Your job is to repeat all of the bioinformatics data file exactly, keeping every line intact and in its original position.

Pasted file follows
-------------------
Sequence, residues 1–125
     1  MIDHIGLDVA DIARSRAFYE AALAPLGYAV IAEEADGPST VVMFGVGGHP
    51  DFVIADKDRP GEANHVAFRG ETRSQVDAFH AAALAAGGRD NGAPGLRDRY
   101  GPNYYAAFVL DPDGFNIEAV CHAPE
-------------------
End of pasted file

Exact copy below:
Sequence, residues 1–125
     1  MIDHIGLDVA DIARSRAFYE AALAPLGYAV IAEEADGPST VVMFGVGGHP
    51  DFVIADKDRP GEANHVAFRG ETRSQVDAFH AAALAAGGRD NGAPGLRDRY
   101  GPNYYAAFVL DPDGFNIEAV CHAPE